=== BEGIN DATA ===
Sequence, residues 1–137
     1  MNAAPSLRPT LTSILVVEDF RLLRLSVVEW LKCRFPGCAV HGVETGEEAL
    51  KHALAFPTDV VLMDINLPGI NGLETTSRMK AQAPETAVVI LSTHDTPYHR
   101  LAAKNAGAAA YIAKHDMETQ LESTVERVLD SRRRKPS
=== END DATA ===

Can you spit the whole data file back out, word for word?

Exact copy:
Sequence, residues 1–137
     1  MNAAPSLRPT LTSILVVEDF RLLRLSVVEW LKCRFPGCAV HGVETGEEAL
    51  KHALAFPTDV VLMDINLPGI NGLETTSRMK AQAPETAVVI LSTHDTPYHR
   101  LAAKNAGAAA YIAKHDMETQ LESTVERVLD SRRRKPS